1. A certain sense of suspicion held by the East towards the West, as well as what I note to be an uncharitable attitude by some towards the great saints and theologians of the Catholic Church.  I found the Catholic understanding of Eastern Orthodoxy to be far more fair, conciliar, and loving.  The West holds their saints in high regard, and they are venerated in many of the Eastern rites of the Catholic Church.  Of course, this attitude has not always been held by the West – this is true.  But I find the move by the Church towards unity with the Orthodox is by far the more charitable than the still current attitudes held by some in Orthodoxy towards Catholics.
  2. Concerning Orthodox and Catholic claims about the papacy, I found the evidence from both the Eastern and Western Fathers to be in support of the Catholic claim far more than the Eastern Orthodox claim.
  3. The sense of insularity and lack of catholicity in the Eastern Churches – here I speak of the varying groups of Orthodox Churches (Russian, Greek, Ukrainian, American, Coptic, Oriental, etc.)

And here are my (summarized) thoughts in response:

  1. Jason—and other Roman catholics—must understand that we do not find joy in the reality of our schism, but remain faithful in our beliefs as Orthodox Christians. This is not an affront to unity, but is rather the only means by which it can truly come about: mutual agreement on key, doctrinal issues, not pretense towards ‘understanding’ or contrived concessions. Pretending that there are no differences, or that there is no real schism, accomplishes nothing.
  2. Apostolic succession is central to Orthodox ecclesiology (and Christology). However, the later beliefs of Rome regarding their patriarch and archbishop are neither tenable nor acceptable. Even the greatest Pope of all time agrees. Peter was foundational, but he was foundational for three different Sees—not Rome alone.
  3. I believe that Jason—and other Roman catholics—misunderstand the historical use of the term ‘catholic.’ They also misunderstand how the organization of the Orthodox Church really works, ignoring too their own ethnic divisions of recent memory.

He also lists a few positive things (from his perspective) regarding the Orthodox Church, and this is appreciated.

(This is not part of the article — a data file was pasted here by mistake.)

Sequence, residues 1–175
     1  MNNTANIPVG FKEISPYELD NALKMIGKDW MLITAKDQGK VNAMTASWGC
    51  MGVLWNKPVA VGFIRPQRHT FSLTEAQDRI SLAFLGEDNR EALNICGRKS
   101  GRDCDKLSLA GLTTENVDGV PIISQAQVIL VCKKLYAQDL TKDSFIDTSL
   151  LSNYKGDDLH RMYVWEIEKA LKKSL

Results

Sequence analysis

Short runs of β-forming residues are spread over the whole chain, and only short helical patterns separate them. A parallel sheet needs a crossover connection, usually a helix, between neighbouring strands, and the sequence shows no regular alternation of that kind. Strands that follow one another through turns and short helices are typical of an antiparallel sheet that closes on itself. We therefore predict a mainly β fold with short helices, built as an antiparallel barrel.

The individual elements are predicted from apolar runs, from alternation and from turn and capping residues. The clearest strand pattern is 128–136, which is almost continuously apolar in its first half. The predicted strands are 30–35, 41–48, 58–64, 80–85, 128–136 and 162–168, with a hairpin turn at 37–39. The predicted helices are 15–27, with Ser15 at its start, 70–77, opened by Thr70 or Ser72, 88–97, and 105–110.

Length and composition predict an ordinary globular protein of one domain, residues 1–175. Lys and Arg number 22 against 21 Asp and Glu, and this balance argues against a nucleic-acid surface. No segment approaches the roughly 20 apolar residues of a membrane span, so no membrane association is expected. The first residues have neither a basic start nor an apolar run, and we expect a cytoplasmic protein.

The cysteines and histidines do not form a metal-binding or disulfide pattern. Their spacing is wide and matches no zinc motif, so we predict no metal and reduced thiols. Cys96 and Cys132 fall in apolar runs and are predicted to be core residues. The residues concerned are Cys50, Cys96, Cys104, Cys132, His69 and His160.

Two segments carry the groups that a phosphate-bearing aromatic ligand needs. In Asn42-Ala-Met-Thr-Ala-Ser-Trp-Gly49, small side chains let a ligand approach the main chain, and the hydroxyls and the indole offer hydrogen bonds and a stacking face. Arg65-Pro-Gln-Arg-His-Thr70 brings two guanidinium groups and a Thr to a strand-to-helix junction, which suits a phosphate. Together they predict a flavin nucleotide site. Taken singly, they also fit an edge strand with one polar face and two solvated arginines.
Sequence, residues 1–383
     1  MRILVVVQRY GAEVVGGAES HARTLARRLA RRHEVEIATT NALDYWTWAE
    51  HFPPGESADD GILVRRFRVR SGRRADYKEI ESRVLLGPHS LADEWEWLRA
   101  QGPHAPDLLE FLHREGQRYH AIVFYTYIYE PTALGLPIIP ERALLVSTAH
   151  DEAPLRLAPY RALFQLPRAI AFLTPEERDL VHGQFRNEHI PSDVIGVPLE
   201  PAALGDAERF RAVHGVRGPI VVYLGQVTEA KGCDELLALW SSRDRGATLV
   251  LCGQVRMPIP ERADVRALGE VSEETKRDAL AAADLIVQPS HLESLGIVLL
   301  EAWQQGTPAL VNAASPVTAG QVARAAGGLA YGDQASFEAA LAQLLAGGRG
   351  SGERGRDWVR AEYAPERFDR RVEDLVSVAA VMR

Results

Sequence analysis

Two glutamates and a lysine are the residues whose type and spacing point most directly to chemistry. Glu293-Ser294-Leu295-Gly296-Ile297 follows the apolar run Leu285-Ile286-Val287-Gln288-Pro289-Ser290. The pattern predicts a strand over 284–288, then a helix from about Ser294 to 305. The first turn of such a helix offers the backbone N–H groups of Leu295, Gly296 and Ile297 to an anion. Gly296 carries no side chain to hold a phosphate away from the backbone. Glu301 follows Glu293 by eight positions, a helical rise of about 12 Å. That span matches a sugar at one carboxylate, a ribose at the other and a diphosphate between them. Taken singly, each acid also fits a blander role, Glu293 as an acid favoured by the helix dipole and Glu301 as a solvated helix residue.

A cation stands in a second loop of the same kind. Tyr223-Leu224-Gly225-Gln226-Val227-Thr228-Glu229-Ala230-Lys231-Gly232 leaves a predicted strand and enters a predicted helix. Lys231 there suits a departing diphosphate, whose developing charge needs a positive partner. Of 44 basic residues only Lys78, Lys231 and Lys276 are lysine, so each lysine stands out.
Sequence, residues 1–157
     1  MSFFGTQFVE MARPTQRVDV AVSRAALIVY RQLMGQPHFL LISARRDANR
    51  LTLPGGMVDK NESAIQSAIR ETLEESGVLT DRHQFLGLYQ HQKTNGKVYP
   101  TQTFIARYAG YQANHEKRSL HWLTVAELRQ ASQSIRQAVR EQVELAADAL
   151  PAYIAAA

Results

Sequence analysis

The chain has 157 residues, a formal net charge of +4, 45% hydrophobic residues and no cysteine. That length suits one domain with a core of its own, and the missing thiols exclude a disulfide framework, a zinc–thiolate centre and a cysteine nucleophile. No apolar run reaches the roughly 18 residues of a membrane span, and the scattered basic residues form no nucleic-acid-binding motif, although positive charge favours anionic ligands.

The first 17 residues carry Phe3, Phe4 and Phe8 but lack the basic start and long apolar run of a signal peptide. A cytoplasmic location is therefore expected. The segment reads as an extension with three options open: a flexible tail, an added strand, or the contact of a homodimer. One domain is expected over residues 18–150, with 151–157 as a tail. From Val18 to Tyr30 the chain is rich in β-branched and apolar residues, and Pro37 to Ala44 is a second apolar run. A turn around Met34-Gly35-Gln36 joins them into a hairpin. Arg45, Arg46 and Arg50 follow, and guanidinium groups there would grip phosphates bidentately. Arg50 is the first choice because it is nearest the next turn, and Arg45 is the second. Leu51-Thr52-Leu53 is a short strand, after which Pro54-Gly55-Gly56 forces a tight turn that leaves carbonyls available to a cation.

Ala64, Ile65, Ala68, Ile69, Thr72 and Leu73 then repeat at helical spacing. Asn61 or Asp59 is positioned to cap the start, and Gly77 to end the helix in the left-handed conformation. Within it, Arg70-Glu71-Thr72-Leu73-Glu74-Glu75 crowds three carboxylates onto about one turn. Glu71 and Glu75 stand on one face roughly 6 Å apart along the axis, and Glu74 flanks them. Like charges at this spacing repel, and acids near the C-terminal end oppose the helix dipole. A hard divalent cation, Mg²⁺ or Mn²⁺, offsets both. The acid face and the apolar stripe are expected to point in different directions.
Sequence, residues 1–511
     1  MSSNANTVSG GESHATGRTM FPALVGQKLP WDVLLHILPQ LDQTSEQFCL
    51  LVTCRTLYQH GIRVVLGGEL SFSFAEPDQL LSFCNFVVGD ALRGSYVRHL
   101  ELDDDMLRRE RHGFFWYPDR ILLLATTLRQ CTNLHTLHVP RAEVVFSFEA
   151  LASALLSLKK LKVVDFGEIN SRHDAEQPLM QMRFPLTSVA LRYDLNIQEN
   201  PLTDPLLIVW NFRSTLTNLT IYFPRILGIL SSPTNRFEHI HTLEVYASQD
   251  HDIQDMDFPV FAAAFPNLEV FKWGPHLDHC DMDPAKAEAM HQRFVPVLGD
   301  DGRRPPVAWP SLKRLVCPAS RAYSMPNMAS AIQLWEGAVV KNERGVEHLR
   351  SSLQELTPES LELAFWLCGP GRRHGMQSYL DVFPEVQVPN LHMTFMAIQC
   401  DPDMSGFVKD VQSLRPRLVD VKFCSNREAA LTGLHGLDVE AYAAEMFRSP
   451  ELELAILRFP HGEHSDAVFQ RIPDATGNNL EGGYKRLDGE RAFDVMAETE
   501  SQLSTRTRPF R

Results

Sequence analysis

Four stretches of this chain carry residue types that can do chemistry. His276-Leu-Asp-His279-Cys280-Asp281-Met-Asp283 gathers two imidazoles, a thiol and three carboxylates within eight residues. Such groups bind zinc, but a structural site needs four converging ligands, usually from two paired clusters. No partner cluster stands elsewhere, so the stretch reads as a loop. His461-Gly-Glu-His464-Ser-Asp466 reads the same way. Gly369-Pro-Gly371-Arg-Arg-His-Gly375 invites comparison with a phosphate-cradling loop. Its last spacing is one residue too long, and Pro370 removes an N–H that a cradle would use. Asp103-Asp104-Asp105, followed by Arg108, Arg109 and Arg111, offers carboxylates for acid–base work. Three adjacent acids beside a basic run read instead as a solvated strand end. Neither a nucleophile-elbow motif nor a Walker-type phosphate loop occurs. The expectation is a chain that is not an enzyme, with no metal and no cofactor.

I have no doubt that Jason is a devoted and serious person, seeking to find rest in Christ’s one, true Church. I only wish that he (and others) would give the Orthodox Church a second look before ‘swimming the Tiber,’ as I believe many of his primary concerns are both confused and groundless.

Also, many of Jason’s concerns are ‘pastoral’ and have no real bearing on whether or not the Roman church is the one, true Church—or whether the Orthodox Church is wrong on specific, historical, and doctrinal issues. Many of his concerns (misguided or not) are such that they can be changed or improved over time, wherever warranted.

On the other hand, the errors within the Roman church—e.g. the Filioque and papal supremacy—are so foundational to Roman dogma, expecting reform or correction on these long-standing errors seems to me a taller order.

Comments

  1. Hidden One says

    As an ex-Protestant Latin rite Catholic, it seems to me that Orthodoxy does suffer from certain doctrinal innovations on such matters as “re-marriage” and contraception.

    • says

      Are you also condemning the Eastern Rite archdioceses under Papal authority—in full communion with the Roman church—which follow these same “innovations?” Would this not then be a critique of the Roman church?

      With the post-doctrinal, Vatican II church—allowing married priests from both Anglican and Eastern Rites, along with non-azyme, non-Filioque-confessing Eastern Rite parishes throughout the world (again, in full communion with Rome)—such ‘pot-shots’ from the Roman side ring … hollow.

      • says

        Just to be clear, the Eastern Catholic Churches (of which some are Patriarchal some are Metropolitan Churches, not simply Arch-Dioceses) do not allow divorce and remarriage or the use of contraception. One needs to only look at the Code of Cannons of the Eastern Churches to confirm.

        Historically, I believe the Eastern Catholic Churches followed the Orthodoxy praxis in regards to marriage (I doubt in terms of contraception), but I’ve yet to see an English translation of the pre-1917 Canons that allowed this. I’ve asked but never have never seen it.

        • says

          Still, we are dealing with mere semantics.

          What the Roman church calls an annulment is what Orthodox clergy do when they pastorally deal with the same unfortunate situations in their own parishes and dioceses. Calling it an annulment does not actually change or remove the fact that a couple is splitting, or that they are enabling a person to remarry.

          Arguing against Orthodoxy on the basis of these issues is nonsensical, as a result.

          • says

            “What the Roman church calls an annulment is what Orthodox clergy do when they pastorally deal with the same unfortunate situations in their own parishes and dioceses. Calling it an annulment does not actually change or remove the fact that a couple is splitting, or that they are enabling a person to remarry.”

            Agreed.

            “Arguing against Orthodoxy on the basis of these issues is nonsensical, as a result.”

            Also, agreed but I was not trying to argue just point out the Eastern Catholic Churches do follow and use the same terminology, for good or ill, that of the Roman Church.